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European Journal for Security Research

, Volume 3, Issue 2, pp 139–161 | Cite as

When Big Data Meet Securitization. Algorithmic Regulation with Passenger Name Records

  • Lena UlbrichtEmail author
Original Article
  • 500 Downloads

Abstract

This contribution deals with big data as a resource for state regulation. The academic interest in the specificities of contemporary technology-based regulation has generated the concept of “algorithmic regulation” (Yeung, Regulat Govern 347(6):1–19, 2017), which yet needs to be refined empirically. This article sets out to analyze the use of passenger name records (PNR) for security governance as a form of algorithmic regulation. It scrutinizes the political debate about the establishment of the use of PNR for security governance in Germany. Along the three phases of the regulatory process (standard setting, monitoring and enforcement), the study sheds light on how Yeung’s taxonomy helps to critically analyze the choices that lead to a specific type of algorithmic regulation. The analysis also unveils the major controversies of the debate (for example about individual rights) and addresses aspects that were left out of the debate (such as the problem of unwanted discrimination through machine learning). The analysis shows how these issues shaped the specific model of PNR-based governance. The German case also raises awareness for the symbolic function of big data in regulation—a dimension that should be taken into account by the concept of algorithmic regulation. The final discussion points out that research about algorithmic regulation is challenged by systemic opacity, which poses conceptual and political problems. The articles ends with a reflection upon the power of the (seemingly unchallenged) promise of big data that lends itself as a resource for securitization strategies.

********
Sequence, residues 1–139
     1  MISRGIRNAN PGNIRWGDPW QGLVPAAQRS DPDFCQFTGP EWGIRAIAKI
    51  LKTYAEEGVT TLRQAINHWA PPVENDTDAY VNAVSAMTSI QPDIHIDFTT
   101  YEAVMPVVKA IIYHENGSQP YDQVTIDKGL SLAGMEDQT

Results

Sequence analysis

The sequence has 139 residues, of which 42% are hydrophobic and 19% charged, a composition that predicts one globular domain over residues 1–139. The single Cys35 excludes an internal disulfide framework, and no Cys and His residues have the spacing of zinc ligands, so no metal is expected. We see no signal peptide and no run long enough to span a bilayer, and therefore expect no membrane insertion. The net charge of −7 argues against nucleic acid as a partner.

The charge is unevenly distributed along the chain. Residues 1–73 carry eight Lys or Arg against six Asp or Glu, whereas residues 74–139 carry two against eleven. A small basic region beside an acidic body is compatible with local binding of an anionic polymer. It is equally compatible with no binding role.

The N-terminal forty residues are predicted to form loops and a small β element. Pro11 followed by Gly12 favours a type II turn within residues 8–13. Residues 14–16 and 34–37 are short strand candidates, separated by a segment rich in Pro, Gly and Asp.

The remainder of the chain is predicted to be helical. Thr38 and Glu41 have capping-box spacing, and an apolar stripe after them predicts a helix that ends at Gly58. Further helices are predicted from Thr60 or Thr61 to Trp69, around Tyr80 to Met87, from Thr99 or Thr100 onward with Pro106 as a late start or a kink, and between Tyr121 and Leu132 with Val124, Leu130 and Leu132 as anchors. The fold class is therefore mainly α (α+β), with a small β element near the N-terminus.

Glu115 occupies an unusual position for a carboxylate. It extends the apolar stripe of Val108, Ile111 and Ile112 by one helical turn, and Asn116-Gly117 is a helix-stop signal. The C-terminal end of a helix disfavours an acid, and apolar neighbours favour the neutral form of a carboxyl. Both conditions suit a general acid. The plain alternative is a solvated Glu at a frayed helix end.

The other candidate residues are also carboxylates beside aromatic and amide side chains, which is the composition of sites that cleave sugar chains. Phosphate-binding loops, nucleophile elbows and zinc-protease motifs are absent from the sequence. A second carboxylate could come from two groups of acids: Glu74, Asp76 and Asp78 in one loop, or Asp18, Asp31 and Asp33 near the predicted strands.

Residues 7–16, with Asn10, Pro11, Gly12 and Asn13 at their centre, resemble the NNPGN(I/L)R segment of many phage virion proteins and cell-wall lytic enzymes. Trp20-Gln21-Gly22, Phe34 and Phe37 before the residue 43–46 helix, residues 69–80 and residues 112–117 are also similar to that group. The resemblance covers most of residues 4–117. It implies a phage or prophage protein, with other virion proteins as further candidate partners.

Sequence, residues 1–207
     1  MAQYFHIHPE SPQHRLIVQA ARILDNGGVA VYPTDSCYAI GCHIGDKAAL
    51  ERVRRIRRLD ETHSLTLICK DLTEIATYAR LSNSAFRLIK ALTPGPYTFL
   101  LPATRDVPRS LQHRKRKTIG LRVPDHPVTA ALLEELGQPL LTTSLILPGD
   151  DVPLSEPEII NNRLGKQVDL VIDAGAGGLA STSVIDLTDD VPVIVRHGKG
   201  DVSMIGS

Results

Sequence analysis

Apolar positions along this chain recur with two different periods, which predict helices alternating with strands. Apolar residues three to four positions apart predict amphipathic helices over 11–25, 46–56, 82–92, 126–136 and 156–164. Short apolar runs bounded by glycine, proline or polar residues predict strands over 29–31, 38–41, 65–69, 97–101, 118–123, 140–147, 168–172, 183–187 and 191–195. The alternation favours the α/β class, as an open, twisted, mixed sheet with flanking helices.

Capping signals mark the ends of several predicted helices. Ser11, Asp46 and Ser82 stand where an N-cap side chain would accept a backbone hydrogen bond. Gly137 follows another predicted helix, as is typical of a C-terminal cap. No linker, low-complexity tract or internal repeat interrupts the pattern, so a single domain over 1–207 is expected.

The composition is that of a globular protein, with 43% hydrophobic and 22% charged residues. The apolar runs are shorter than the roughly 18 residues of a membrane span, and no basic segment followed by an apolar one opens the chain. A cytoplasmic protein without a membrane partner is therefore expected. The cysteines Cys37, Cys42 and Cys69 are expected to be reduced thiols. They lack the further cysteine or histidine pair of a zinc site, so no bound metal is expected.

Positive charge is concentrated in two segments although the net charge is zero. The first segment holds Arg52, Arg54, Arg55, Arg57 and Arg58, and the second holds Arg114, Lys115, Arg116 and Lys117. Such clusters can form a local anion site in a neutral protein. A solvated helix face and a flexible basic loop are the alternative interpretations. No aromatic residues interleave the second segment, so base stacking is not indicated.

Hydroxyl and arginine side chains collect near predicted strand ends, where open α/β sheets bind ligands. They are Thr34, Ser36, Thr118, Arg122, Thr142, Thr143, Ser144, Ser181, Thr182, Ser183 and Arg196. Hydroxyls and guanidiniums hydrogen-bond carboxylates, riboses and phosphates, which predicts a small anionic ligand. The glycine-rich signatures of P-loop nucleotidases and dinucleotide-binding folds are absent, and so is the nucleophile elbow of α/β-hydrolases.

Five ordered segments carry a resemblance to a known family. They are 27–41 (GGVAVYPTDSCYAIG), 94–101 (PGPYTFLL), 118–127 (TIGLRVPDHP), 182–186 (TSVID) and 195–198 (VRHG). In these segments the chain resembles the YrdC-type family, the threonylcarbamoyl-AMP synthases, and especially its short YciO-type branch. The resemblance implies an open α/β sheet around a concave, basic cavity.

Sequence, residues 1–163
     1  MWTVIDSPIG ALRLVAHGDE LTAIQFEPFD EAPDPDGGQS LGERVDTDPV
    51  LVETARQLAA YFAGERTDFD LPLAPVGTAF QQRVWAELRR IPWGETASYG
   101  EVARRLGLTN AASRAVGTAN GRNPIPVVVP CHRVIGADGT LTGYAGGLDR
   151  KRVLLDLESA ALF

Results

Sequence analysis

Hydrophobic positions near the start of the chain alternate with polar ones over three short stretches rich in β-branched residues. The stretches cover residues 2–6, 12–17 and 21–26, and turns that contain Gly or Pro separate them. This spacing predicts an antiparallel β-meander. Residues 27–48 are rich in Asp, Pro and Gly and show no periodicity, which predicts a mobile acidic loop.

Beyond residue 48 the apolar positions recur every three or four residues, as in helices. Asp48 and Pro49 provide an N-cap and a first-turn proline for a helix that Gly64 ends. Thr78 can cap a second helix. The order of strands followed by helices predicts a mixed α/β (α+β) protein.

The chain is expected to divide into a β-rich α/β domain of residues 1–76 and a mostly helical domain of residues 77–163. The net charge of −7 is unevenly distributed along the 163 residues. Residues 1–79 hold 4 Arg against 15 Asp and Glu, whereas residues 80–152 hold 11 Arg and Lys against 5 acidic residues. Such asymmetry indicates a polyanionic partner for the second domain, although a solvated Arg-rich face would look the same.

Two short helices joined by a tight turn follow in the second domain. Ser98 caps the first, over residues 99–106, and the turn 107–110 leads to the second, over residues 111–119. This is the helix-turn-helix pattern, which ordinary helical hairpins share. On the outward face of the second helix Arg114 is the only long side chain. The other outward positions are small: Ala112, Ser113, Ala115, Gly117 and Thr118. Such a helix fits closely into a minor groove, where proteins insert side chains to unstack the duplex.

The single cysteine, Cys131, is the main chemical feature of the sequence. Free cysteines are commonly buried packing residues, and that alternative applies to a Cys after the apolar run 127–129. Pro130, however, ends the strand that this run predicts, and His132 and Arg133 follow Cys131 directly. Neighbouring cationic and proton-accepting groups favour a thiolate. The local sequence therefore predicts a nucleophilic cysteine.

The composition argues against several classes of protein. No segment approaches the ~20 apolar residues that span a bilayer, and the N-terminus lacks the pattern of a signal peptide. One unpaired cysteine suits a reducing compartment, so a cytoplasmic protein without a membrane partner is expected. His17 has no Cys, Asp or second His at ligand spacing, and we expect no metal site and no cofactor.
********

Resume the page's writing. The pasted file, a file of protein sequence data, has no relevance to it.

Keywords

Algorithmic regulation Preemptive security Passenger name records Data analysis Big data Mobility 

Notes

Acknowledgements

My thanks go to Eva Korte and Björn Mohr for their valuable research assistance and to two anonymous reviewers for their excellent comments.

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Authors and Affiliations

  1. 1.Wissenschaftszentrum Berlin für Sozialforschung (WZB)/WZB Berlin Social Science Center, Politikfeld Internet/Internet PolicyBerlinGermany

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